Ebola virus Epidemiology, Transmission, and Evolution during Seven Months in Sierra Leone.
Cell. 2015 Jun 18;161(7):1516-26. doi: 10.1016/j.cell.2015.06.007.
Park DJ, Dudas G, Wohl S, Goba A, Whitmer SL, Andersen KG, Sealfon RS, Ladner JT, Kugelman JR, Matranga CB, Winnicki SM, Qu J, Gire SK, Gladden-Young A, Jalloh S, Nosamiefan D, Yozwiak NL, Moses LM, Jiang PP, Lin AE, Schaffner SF, Bird B, Towner J, Mamoh M, Gbakie M, Kanneh L, Kargbo D, Massally JL, Kamara FK, Konuwa E, Sellu J, Jalloh AA, Mustapha I, Foday M, Yillah M, Erickson BR, Sealy T, Blau D, Paddock C, Brault A, Amman B, Basile J, Bearden S, Belser J, Bergeron E, Campbell S, Chakrabarti A, Dodd K, Flint M, Gibbons A, Goodman C, Klena J, McMullan L, Morgan L, Russell B, Salzer J, Sanchez A, Wang D, Jungreis I, Tomkins-Tinch C, Kislyuk A, Lin MF, Chapman S, MacInnis B, Matthews A, Bochicchio J, Hensley LE, Kuhn JH, Nusbaum C, Schieffelin JS, Birren BW, Forget M, Nichol ST, Palacios GF, Ndiaye D, Happi C, Gevao SM, Vandi MA, Kargbo B, Holmes EC, Bedford T, Gnirke A, Ströher U, Rambaut A, Garry RF, Sabeti PC.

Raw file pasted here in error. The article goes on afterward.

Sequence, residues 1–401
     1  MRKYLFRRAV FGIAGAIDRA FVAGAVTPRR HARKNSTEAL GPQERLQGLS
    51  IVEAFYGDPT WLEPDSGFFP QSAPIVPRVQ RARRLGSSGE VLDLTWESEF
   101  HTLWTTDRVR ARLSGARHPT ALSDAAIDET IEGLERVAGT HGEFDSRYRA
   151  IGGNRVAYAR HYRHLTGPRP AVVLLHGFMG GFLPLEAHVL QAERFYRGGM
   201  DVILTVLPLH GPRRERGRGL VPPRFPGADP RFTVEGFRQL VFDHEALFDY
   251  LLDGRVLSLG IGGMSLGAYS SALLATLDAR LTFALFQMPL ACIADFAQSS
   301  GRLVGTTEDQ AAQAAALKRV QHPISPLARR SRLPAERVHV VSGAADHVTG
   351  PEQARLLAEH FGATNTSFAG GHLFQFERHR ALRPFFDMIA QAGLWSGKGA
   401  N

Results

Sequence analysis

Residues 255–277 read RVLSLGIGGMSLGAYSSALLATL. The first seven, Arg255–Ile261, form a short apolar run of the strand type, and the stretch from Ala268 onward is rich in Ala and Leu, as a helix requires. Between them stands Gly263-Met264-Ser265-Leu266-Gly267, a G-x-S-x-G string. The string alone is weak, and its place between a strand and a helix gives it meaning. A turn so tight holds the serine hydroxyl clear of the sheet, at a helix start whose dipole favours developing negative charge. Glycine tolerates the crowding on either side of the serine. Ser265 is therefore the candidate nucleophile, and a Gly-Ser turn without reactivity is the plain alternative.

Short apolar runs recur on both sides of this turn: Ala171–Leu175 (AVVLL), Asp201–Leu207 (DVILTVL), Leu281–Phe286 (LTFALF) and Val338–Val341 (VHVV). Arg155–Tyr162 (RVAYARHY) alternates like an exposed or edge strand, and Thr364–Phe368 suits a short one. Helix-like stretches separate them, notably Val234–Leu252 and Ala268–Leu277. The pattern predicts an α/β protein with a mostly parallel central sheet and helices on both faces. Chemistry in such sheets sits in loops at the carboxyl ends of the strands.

The 2013-2015 Ebola virus disease (EVD) epidemic is caused by the Makona variant of Ebola virus (EBOV). Early in the epidemic, genome sequencing provided insights into virus evolution and transmission and offered important information for outbreak response. Here, we analyze sequences from 232 patients sampled over 7 months in Sierra Leone, along with 86 previously released genomes from earlier in the epidemic. We confirm sustained human-to-human transmission within Sierra Leone and find no evidence for import or export of EBOV across national borders after its initial introduction. Using high-depth replicate sequencing, we observe both host-to-host transmission and recurrent emergence of intrahost genetic variants. We trace the increasing impact of purifying selection in suppressing the accumulation of nonsynonymous mutations over time. Finally, we note changes in the mucin-like domain of EBOV glycoprotein that merit further investigation. These findings clarify the movement of EBOV within the region and describe viral evolution during prolonged human-to-human transmission.